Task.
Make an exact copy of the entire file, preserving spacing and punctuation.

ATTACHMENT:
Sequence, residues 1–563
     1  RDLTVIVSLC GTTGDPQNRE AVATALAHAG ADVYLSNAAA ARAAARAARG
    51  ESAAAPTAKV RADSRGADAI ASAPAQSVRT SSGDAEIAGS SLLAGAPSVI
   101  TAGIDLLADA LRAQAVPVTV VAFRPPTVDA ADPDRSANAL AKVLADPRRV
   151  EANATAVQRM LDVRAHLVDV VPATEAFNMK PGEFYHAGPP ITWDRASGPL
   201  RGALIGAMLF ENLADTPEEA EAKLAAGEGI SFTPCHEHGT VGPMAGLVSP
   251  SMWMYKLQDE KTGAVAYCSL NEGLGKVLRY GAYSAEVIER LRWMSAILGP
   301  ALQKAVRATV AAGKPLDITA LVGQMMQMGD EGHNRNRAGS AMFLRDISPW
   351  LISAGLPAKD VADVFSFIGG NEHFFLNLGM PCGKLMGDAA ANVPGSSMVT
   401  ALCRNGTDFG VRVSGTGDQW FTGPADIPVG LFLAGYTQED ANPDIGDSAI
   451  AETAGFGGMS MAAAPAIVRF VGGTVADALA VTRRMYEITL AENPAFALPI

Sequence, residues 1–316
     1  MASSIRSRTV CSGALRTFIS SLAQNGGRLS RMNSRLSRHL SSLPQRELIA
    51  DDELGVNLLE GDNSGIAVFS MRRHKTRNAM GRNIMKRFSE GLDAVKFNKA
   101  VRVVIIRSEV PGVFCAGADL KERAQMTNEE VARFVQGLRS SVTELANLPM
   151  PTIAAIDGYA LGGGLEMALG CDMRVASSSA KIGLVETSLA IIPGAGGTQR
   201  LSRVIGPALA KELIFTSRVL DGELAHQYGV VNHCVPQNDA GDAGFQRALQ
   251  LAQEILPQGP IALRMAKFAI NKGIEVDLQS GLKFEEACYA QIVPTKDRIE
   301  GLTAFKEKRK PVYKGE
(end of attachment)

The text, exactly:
Sequence, residues 1–563
     1  RDLTVIVSLC GTTGDPQNRE AVATALAHAG ADVYLSNAAA ARAAARAARG
    51  ESAAAPTAKV RADSRGADAI ASAPAQSVRT SSGDAEIAGS SLLAGAPSVI
   101  TAGIDLLADA LRAQAVPVTV VAFRPPTVDA ADPDRSANAL AKVLADPRRV
   151  EANATAVQRM LDVRAHLVDV VPATEAFNMK PGEFYHAGPP ITWDRASGPL
   201  RGALIGAMLF ENLADTPEEA EAKLAAGEGI SFTPCHEHGT VGPMAGLVSP
   251  SMWMYKLQDE KTGAVAYCSL NEGLGKVLRY GAYSAEVIER LRWMSAILGP
   301  ALQKAVRATV AAGKPLDITA LVGQMMQMGD EGHNRNRAGS AMFLRDISPW
   351  LISAGLPAKD VADVFSFIGG NEHFFLNLGM PCGKLMGDAA ANVPGSSMVT
   401  ALCRNGTDFG VRVSGTGDQW FTGPADIPVG LFLAGYTQED ANPDIGDSAI
   451  AETAGFGGMS MAAAPAIVRF VGGTVADALA VTRRMYEITL AENPAFALPI

Sequence, residues 1–316
     1  MASSIRSRTV CSGALRTFIS SLAQNGGRLS RMNSRLSRHL SSLPQRELIA
    51  DDELGVNLLE GDNSGIAVFS MRRHKTRNAM GRNIMKRFSE GLDAVKFNKA
   101  VRVVIIRSEV PGVFCAGADL KERAQMTNEE VARFVQGLRS SVTELANLPM
   151  PTIAAIDGYA LGGGLEMALG CDMRVASSSA KIGLVETSLA IIPGAGGTQR
   201  LSRVIGPALA KELIFTSRVL DGELAHQYGV VNHCVPQNDA GDAGFQRALQ
   251  LAQEILPQGP IALRMAKFAI NKGIEVDLQS GLKFEEACYA QIVPTKDRIE
   301  GLTAFKEKRK PVYKGE